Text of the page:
Singapore Airlines and Golden Door Grow partnership. Spa meals now on more flights

Golden Door and Singapore Airlines began a partnership a year ago, bringing the wellness lodge’s nutrition-focused menu to the Star Alliance airline’s longest flights. The link is now being developed with the launch of new menu items in a second phase of the program. Also, some of the most popular ones from the first iteration are returning.

The latest list of menu items includes nearly two dozen new dishes that will roll out across the flight network. These are available on the airline’s longer, nonstop flights from North America to Singapore, as well as one-stop flights from New York JFK to Singapore via Frankfurt and from Los Angeles to Singapore via Tokyo.

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Bringing a wellness perspective to such a long journey is a key focus of the partnership, which also includes stretching and mindfulness content available on the inflight entertainment screens. These will help increase traffic, enhance flexibility and enhance alertness, according to the airline.

What is unique about Singapore Airlines is that passengers have access to this material for up to 30 days after the flight, giving them time to acclimatize to the destination and adjust after the trip.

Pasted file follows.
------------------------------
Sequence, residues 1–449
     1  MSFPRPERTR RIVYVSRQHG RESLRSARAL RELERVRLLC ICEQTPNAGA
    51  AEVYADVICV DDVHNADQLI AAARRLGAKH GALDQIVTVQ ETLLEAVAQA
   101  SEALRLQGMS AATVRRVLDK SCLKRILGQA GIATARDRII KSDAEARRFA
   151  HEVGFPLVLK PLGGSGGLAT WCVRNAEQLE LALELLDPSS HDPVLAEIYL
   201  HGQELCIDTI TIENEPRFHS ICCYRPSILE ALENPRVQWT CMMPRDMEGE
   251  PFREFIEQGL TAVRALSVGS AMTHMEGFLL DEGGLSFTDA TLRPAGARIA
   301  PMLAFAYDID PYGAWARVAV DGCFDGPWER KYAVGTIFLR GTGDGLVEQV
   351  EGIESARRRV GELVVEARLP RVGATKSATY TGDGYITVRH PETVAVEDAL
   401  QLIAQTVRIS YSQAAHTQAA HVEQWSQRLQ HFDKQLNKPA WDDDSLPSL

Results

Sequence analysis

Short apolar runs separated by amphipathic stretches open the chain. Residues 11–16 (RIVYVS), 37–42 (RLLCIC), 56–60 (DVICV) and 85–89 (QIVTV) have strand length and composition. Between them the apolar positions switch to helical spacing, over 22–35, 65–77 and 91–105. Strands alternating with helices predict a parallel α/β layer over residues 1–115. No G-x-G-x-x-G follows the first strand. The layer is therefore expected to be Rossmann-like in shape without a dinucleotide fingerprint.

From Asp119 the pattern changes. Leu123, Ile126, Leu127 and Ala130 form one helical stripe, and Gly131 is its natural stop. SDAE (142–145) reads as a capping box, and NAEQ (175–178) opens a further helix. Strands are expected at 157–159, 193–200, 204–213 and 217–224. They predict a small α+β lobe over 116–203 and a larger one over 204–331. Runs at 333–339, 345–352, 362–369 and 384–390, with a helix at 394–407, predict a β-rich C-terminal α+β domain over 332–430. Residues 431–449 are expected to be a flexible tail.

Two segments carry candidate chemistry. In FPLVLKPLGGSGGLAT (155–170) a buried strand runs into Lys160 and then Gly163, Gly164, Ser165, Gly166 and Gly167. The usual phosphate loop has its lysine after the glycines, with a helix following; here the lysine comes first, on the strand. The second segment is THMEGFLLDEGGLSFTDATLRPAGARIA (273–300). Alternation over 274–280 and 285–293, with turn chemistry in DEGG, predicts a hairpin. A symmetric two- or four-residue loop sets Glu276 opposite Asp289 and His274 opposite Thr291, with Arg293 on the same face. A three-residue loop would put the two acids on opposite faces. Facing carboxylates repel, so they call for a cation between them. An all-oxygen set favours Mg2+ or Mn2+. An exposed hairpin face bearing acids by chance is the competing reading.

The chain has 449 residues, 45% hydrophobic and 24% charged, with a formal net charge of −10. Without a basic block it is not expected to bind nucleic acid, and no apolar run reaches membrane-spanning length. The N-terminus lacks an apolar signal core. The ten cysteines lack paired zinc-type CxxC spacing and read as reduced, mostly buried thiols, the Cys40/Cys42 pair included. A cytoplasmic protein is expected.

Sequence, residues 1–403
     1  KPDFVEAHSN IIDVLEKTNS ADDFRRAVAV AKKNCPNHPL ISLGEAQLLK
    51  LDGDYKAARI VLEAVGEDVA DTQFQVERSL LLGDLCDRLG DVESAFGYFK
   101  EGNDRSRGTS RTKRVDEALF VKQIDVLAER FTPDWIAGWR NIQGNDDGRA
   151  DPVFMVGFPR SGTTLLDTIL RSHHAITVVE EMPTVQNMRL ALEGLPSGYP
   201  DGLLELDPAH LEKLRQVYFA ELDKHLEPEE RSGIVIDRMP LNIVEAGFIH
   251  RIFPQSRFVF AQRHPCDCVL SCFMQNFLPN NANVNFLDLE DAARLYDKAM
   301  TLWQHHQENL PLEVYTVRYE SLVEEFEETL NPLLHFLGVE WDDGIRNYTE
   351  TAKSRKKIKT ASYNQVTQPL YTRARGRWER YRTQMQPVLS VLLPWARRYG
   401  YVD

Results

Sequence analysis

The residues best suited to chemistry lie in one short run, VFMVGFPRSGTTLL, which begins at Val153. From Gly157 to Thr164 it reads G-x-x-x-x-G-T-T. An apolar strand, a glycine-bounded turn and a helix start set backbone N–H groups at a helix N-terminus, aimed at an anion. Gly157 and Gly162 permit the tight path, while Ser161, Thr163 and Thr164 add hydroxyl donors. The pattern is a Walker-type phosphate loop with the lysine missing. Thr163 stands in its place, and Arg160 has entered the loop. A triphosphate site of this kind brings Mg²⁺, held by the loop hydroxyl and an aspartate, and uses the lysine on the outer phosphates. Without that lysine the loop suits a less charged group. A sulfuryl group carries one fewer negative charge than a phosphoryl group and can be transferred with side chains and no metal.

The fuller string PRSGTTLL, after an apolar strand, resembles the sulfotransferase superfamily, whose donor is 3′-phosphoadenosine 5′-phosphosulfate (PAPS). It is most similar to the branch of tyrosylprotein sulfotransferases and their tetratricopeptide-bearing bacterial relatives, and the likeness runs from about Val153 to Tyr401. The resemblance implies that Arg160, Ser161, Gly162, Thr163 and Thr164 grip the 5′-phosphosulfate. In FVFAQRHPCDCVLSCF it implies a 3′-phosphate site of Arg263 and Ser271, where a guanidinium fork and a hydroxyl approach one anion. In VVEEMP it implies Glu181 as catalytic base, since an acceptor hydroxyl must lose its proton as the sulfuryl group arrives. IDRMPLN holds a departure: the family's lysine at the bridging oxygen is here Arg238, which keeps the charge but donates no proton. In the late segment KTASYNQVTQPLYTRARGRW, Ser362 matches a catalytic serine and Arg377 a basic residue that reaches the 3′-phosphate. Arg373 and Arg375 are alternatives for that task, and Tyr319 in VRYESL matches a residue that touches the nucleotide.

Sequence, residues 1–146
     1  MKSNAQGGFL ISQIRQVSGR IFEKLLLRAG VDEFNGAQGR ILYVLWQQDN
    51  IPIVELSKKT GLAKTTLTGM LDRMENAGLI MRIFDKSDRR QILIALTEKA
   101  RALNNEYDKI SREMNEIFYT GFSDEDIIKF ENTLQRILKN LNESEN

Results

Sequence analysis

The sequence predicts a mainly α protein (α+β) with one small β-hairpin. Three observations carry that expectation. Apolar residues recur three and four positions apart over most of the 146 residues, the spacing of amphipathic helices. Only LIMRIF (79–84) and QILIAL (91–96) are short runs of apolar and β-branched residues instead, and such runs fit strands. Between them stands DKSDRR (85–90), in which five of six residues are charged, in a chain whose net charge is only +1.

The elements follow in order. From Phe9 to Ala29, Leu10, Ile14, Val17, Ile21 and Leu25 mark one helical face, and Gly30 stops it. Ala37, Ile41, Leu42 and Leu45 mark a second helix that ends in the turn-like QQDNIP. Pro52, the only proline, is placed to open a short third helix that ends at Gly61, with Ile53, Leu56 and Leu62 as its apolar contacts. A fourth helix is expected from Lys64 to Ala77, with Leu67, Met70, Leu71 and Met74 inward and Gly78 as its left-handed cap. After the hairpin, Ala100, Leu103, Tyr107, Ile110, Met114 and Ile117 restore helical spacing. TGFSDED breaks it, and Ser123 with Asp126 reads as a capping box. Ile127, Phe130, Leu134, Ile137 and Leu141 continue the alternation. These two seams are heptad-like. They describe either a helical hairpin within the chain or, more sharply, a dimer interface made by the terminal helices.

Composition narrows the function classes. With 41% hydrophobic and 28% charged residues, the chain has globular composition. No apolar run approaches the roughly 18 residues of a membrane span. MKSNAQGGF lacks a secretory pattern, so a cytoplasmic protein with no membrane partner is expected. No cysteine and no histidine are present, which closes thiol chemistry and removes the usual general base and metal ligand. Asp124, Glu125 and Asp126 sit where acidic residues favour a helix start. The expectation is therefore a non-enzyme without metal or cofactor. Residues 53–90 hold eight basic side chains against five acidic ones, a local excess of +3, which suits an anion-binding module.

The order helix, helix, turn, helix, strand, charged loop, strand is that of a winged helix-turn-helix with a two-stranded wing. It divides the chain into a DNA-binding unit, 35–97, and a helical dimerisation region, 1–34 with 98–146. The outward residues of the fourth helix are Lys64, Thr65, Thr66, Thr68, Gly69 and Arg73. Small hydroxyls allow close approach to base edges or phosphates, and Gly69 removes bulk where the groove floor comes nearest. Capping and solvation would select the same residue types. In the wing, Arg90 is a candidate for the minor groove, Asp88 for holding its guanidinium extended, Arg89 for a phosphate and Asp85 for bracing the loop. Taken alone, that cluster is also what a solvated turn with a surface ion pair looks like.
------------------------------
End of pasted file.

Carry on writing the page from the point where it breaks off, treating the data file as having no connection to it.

How menus are designed

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Golden Door chef Greg Frey, the renowned spa with more than 60 years of history, and the resort’s top chefs and nutritionists team up to review the latest trends. They work for days in the kitchen as they experiment with recipes that hold up both on the ground and in the air, so that the flight attendants can reproduce the dishes with the same exacting restaurant quality.

The result: a perfect combination of dishes that meet nutritional requirements and tap into flavors that work well in the air without skimping on flavor.

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Gone is the maxim that sodium and spice must overpower a dish to match muted taste buds in heaven. Newer aircraft provide a better onboard experience, including pressurized cabins at lower altitudes and designed to better hydrate the skin and body. As a result, travelers can enjoy more restaurant-quality dishes than modified recipes that take altitude into account as a flavor factor. This is no longer the focus for the latest aircraft types, including the Airbus A350-900.

While Singapore Airlines chefs are involved in the planning process with Golden Door, it is ultimately the catering kitchens at each airport that prepare the meals before each flight. That’s why Singapore doubles down on investment by flying in chefs from every catering kitchen to understand Golden Door’s balance of wellness and nutrition.

It’s one thing to read a recipe, but quite another to spin the gardens of the Golden Door and capture the essence of this retreat’s wellness center. This helps them capture the holistic spirit of what Golden Door guests experience and what Singapore wants its passengers to enjoy on its longest flights.

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What’s on the menu

The menu includes nearly two dozen meals designed to enhance the onboard experience for long flights. There’s also a list of wellness-focused drinks meant to be tried at different points during the flight to meet a variety of needs from boosting electrolytes to improving hydration or sleep levels.